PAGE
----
Saturday, May 3, 2014

UX in the garden

Who experiences the garden? We do, our close neighbors do, and so do the people who come past the house walking their dogs or with kids in strollers.

Maybe a better question is to ask what "experiences" the garden because there is a huge presence life on the ground and just below the surface. 

When I first started to design this garden I had little idea of where it would go. Vaguely aware of changing light over the course of a day, I had barely an inkling that the light could change over the course of a year, or that trees growing nearby would decrease the light over time, or even that the things I planted myself would change the light, heat, and water distribution in the garden. 

Over the years squirrels and other animals have distributed things, randomly or not, in a way I couldn't have predicted. And spreading plants, airborne seeds, and new additions have changed the garden's composition. 

As things change at the surface they have also changed in the soil. So new fungi, new microbes, and new invertebrates have become established. The garden plot is the same as when I started. It's the same dimension in terms of square feet. But the dimensions above and below have changed. And so has the operating system. 

So what's the connection with "user experience?" A lot I think. Part of it is that you can't plan every detail. But you can create a matrix, like a welcoming garden, where "users" (in this case all the organisms) can come to play. The matrix will change over time and come to re-form itself, partly as a random process and at some level, as part of the design. For sure your control as a designer is minimal and maybe that's the best way. An environment where things run themselves may be the most sustainable.


Sunday, April 27, 2014

Keeping the soil in shape

Our urban garden is small and narrow. I wanted to introduce some height to the surface so it wouldn't be just a flat boring garden. But how to preserve the new lay of the land and still get into the garden to do some work?

For part of my path into the garden I built a narrow walkway with old spare bricks that were lying around. Over the years it became overgrown, first with the mosses I wanted and then with more rank growth. I went to work re-exposing it this year and happily discovered that the soil around it was raised two or three inches...just enough for a piece of micro scenery and a place for the cat to saunter. 


How about further into the garden, where I want to maintain a little more surface height? Last fall as I harvested the Jerusalem artichokes I laid their long stems in a parallel arrangement so they formed a kind of loose "sidewalk." 


This worked pretty well. When I sneak back into this part of the garden they distribute my weight and preserve the lift and texture of the soil underneath, adding material as they disintegrate. Minimal compaction is what I'm after, along with a medium that will allow plenty of opportunity for things to pop up once I'm through pruning my lovely ninebark and in June, the fragrant but out of hand mock orange.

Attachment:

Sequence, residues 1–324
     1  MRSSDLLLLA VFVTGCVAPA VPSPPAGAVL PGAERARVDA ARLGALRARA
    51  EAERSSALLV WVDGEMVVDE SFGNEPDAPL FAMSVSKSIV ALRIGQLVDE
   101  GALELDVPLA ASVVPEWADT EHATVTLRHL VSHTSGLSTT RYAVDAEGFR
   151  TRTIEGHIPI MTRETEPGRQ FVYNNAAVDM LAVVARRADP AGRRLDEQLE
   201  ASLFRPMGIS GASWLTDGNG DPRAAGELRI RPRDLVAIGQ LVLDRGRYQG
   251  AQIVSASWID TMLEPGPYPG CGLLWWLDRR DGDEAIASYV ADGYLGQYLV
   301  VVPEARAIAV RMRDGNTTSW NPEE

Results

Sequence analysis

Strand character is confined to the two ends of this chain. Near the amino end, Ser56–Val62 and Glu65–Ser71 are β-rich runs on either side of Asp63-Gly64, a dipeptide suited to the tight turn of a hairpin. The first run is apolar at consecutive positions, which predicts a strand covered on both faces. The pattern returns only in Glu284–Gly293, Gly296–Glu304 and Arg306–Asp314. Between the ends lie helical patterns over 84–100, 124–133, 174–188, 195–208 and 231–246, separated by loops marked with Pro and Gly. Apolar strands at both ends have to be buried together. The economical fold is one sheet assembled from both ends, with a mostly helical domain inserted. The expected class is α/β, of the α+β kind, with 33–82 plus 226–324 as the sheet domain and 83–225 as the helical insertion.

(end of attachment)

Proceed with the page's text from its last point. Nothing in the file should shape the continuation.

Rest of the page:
There's one negative to my technique. The moldering stems make great habitat for snails. I haven't found any way to control them anyway, other than picking them off one by one, so I guess the trade off is worth it. 

Saturday, April 26, 2014

Eradicating garden weeds: Not

A few weeks ago in the California desert we were treated to a wonderful show of native flowers. It looked like the flowers were emerging from "nothing." How could these beauties pop up out of mud, rocks, and sand? I realized the desert soil must be full of seeds and dormant plants,  waiting for the right conditions to spring into action. "Seed banks" are an invisible part of the landscape but they're very much there. 

When we moved to our place in Cambridge, Massacusetts about 15 years ago what's now our garden was a long dusty dog run. The few plants that existed were the hardiest weeds, capable of surviving the exposure and stresses of dogs doing all their doggie things year after year. And during those years, while the dogs deposited their contributions the weeds deposited many generations of seeds into the dry and dusty soil. 

When we started our garden it was the ripe repository of lots of unpleasantness, including a tough population of weeds. 

Now there's nothing wrong with weeds. Most of our lovely garden plants, as well as our important crop plants, came from weedy ancestors. These are the kinds of plants that survive in disturbed soils that are exposed to wind, sun, and rain. The most serene garden is a tough neighborhood, full of species that want to dominate one another and take what limited resources are available. 

It's no surprise that our garden spaces harbor unwanted plants that we call "weeds." Especially a place like ours, which started out weedy, is bound to bring up lots of unintended shady characters. And the weeds can travel. Not just seeds, but roots and stems, above and below ground, work their way through the garden and show up where they're least expected. What can we do about these unwelcome party crashers? Well think about it. They were here first. Before we slather them in pesticide let's learn a little bit about how and why they grow here. We can't make them disappear. But if we have the time and inclination we can curate them out of the garden and into the compost pile.